THE JEWISH NEWS
Incorporating The Detroit Jewish Chronicle conimencing with issue of July 20. 1951
Member American Association of English—Jewish Newspapers, Michigan Press Association, National Editorial
Published every Friday by The Jewish News Publishing Co., 17100 West Seven Mile Road, Detroit, Mich. 48235.
VE 8-9364. Subscription $6 a year. Foreign S7.
Second Class Postage Paid at Detroit, Michigan
CARMI M. SLOMOVITZ
Editor and Publisher
Sabbath Scriptural Selections
This Sabbath, the 10th day of Iyar, 5726, the following scriptural selections will
be read in our synagogues:
Pentateuchal portion: Lev. 16:1-20:27; Prophetical portion: Amos 9:7-15
Licht Benshen, Friday, April 29, 7:10 p.m.
VOL. XLIX. No. 10
April 29, 1966
Unaffiliated Must Respond to Campaign
A new record in giving is expected to be the campaign office, on their own to make
set by the Detroit JeWish community when their contributions to this year's great needs.
the Allied Jewish Campaign holds its victory Then it will truly be said that this is a corn-
dinner next Wednesday evening. Good direc- munity of rahamanim bnai rahamanim—the
tion, and ability to reach out to many quarters merciful children of the merciful—and that
and a well-trained corps of solicitors account we are not only generous in our giving but
for the results attained. thus far. that-We also are approaching totality in com-
munal enrollment for communal good.
With less than a week left to complete The need for increased 'generosity to the
the task, there nevertheless remains the re- current campaign is continually emphasized
sponsibility to reach several thousand more by new happenings in our midst. The Middle
people who have not yet been enrolled as East situation demands unceasing , concern
contributors, who, as of this writing, are over Israel's status. The conditions behind
among the unaffiliated in the most important the Iron Curtain and in Moslem countries
community project in behalf of the major demand an alertness in handling migration
local, national and overseas causes. problems. The uninterrupted stream of immi-
No matter how great the result of the grants who are settling in Israel add to the
current solicitations, even if the highest responsibilities to assure the proper integra-
record ever attained will have been exceeded, tion of the dispossessed among the elements
unless the thousands who should be partners already well established in Israel.
in the great humanitarian effort have been
Then there are the domestic requirements
enlisted in the drive there will be that short- to assure the continued support for our edu-
coming of an incomplete enrollment.
cational and cultural, as well as the social
During the days ahead, therefore, it is service and recreational needs, of a vast com-
urgent that the unaffiliated should be reach-' munity.
These add up to serious duties. They must
ed. And during that short period there de-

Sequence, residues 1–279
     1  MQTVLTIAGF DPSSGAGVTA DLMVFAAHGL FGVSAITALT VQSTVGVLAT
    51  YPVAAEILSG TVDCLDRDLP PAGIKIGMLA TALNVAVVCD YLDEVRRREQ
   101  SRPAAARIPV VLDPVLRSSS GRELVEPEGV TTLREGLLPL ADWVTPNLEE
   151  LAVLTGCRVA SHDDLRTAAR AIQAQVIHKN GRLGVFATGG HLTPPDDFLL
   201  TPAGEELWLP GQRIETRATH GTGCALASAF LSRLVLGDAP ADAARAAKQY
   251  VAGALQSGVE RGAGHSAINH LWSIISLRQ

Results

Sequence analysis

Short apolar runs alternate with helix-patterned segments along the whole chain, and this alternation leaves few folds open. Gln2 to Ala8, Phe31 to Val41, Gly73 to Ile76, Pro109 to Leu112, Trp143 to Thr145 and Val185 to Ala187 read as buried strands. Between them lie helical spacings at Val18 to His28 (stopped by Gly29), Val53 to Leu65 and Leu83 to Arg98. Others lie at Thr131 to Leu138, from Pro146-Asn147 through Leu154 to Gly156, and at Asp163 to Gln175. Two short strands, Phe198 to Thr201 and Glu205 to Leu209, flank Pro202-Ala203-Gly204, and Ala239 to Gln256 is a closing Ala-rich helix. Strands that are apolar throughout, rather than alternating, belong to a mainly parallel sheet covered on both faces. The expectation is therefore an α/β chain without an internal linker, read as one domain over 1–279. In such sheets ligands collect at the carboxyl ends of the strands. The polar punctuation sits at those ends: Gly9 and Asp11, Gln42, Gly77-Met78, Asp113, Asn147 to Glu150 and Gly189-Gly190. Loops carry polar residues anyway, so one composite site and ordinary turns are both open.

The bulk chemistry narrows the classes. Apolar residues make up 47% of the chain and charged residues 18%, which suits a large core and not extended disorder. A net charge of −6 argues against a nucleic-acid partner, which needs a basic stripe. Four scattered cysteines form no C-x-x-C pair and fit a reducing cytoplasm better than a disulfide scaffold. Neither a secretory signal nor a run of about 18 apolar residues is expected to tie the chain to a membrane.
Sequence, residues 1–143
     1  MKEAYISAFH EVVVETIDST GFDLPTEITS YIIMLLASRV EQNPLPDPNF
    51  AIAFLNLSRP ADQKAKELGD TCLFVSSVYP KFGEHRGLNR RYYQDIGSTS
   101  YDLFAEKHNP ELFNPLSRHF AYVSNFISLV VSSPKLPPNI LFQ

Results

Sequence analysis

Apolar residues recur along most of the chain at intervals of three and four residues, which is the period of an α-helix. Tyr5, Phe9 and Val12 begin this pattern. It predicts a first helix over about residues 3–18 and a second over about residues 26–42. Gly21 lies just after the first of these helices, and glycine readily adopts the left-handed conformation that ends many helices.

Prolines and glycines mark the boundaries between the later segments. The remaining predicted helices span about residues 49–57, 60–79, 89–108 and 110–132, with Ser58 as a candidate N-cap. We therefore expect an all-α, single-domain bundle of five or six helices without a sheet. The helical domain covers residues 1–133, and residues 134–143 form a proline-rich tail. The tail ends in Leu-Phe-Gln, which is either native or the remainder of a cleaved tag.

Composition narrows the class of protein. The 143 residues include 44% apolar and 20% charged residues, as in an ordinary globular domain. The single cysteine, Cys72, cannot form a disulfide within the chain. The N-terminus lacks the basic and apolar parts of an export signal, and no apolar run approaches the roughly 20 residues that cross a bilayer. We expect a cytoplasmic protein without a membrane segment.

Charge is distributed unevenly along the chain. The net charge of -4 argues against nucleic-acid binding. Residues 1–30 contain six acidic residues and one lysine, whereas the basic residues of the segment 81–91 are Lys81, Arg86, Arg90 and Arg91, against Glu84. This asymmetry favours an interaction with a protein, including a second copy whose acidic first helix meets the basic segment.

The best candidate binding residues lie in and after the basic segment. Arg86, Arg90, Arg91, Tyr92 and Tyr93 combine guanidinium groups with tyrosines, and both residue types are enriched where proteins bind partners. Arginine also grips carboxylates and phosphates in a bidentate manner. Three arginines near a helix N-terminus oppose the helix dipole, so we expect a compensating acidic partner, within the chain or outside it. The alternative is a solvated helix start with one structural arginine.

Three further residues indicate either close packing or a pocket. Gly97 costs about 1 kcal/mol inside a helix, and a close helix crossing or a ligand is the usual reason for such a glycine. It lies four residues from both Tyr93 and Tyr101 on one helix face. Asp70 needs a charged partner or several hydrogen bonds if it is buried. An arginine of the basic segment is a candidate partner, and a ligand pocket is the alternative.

volves upon those who have not been contact- be fulfilled. They can and undoubtedly will
ed by volunteer workers, or who have not be honored through the Allied Jewish Cam-
responded properly, to call in their gifts to paign.
Migratory Trends: Panic MUST Be Prevented
The established fact is that crime can not
Predictions made in a recent report
be attributed to a single race. Recent happen-
resulting from studies of migratory trends in
our community that Detroit, like Cleveland, ings have shown that some of the worst
may see a drastic reduction in the Jewish crimes were committed by irrational and
crazed persons whose skins are light. At the
the a movements
to the same time, we know that educational stand-
series of protests.
Complaints are especially based on the be- ards have lowered in certain areas, but the
of this pressures
fact ought and,
to go instead,
a long way
liefs that such reports inspire rather than recognition
reduce panic. And there are many who dis-
agree with the results and are of the opinion facilitating cooperative offorts to make im-
that efforts leadina towards redemption of provements.
b their retention are suc-
• Meanwhile, insofar as the Detroit Jewish
community is concerned, the established fact
Views are mounting that it is possible to is that more than 60 per cent of the Jews in
integrate a community, that the aim of a our midst retain their residences in the city
wholesome American city should be to assure proper. Less than a third of Metropolitan De-
security and the best homes for all elements. troit's Jewish population lives in the suburbs.
There is a growing feeling that our educa- This should be an encouragement to those
tional programs can be improved upon, that who are determined to retain Detroit's status
there is no reason for a flight to private as a great Jewish center wherein Jews reside
schools, as has been indicated by figures in large numbers.
showing that 40 per cent of Detroit's chil-
Efforts of those who are striving to retain
residences within the city deserve all
the help and encouragement that can be
The entire issue is so challenging, the given them. Those who have conducted re-
new developments are so serious, that refusals search would do well to delve further into
to accept current figures as assured facts for developing conditions.
the future must be accepted as indications
of a growing insistence that Americans should the When
deal with the problems realistically, that the ago, he warned that efforts must be exerted